Although the plasminogen activator function of αFXIIa has been described previously,15,16,31 it has been largely ignored due to unfavorable kinetics. Despite displaying a 20-fold lower catalytic efficacy for plasminogen than for uPA, the relative abundance of FXII (375 nM) in plasma implies that it may be relevant as a plasminogen activator.17 Nevertheless, studies on the role of αFXIIa as a direct plasminogen activator are limited.19,41,42 Here, we demonstrate that polyP (of approximately the size found in platelets) and platelet-derived polyP significantly augment αFXIIa-mediated plasmin generation. PolyP accelerates αFXIIa-mediated activation of Glu- and Lys-plasminogen to a similar degree, indicating that it does not facilitate transition of the closed to the open conformation, nor does it directly impact on plasmin activity. We observed binding of polyP to FXII(a) and plasminogen, indicating that the cofactor function of this polymer is potentially mediated via a template mechanism on direct conversion of plasminogen to plasmin (Figure 7). PolyP also stimulates autoactivation of FXII to αFXIIa35 and, indeed, affords some protection against autodegradation. This could be relevant in terms of time frame, because FXII may become activated during clot formation; however, by interacting with platelet-derived polyP, its activity may be protected, allowing it to subsequently participate in clot degradation. Indeed, a recent publication highlighted the dual role of FXII in supporting fibrin formation and degradation of the clot.43 It is interesting to speculate on the complex role of this enzyme in modulating both fibrin formation (via generation of thrombin) and fibrin degradation (via plasmin). Further work is necessary to define the procoagulant and profibrinolytic properties of αFXIIa and the role of effector molecules such as polyP in these processes. Indeed, opposing functions of a hemostatic enzyme is not an uncommon phenomenon. The central enzyme thrombin is a prime example, because its activity can be directed from procoagulant to anticoagulant processes, depending on the effector molecule bound to exosite I or exosite II of the protease.44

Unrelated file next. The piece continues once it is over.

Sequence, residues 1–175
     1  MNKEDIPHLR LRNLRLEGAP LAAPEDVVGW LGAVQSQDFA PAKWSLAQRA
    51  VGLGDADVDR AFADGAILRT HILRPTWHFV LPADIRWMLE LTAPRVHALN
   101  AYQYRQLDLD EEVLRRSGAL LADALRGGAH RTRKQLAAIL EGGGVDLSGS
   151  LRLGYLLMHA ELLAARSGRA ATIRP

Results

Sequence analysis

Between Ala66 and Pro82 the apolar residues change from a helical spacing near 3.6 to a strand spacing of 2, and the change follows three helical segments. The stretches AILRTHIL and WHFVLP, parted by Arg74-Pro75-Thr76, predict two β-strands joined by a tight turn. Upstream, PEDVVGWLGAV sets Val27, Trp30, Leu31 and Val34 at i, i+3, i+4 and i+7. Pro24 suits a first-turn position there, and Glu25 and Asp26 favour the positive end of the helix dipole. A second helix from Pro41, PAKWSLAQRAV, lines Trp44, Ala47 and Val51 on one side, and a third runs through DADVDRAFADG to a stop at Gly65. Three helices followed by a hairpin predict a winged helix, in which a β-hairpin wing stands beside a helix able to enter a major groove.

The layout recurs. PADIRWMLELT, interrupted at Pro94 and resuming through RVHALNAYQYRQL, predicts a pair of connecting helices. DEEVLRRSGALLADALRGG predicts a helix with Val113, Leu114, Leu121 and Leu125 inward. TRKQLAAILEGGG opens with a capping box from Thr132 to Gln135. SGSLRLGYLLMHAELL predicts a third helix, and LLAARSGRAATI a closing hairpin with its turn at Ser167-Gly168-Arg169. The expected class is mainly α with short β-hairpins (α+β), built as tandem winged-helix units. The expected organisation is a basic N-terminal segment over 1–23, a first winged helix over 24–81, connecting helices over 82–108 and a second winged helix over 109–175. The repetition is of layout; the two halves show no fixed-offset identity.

Fibrin also amplifies αFXIIa-mediated plasminogen activation, with maximal stimulation observed when both fibrin and polyP are present, suggesting that these molecules act synergistically to drive this process. PolyP has the capacity to bind to fibrin29,30 and FXII(a), but these observations indicate that their respective binding sites on FXII(a) must be distinct. Fibrin is a well-established cofactor for tPA-mediated plasminogen activation. αFXIIa was able to act in conjunction with tPA to significantly accelerate fibrinolysis, suggesting that incorporation of these activators into the forming fibrin network may facilitate clot degradation, as depicted in the model shown in Figure 7. Interestingly, other surfaces that promote FXII activation and procoagulant function, specifically collagen24 and RNA,22 were not effective in promoting αFXIIa-mediated fibrinolysis. This finding suggests that cofactor molecules may drive αFXIIa activity toward distinct downstream target substrates.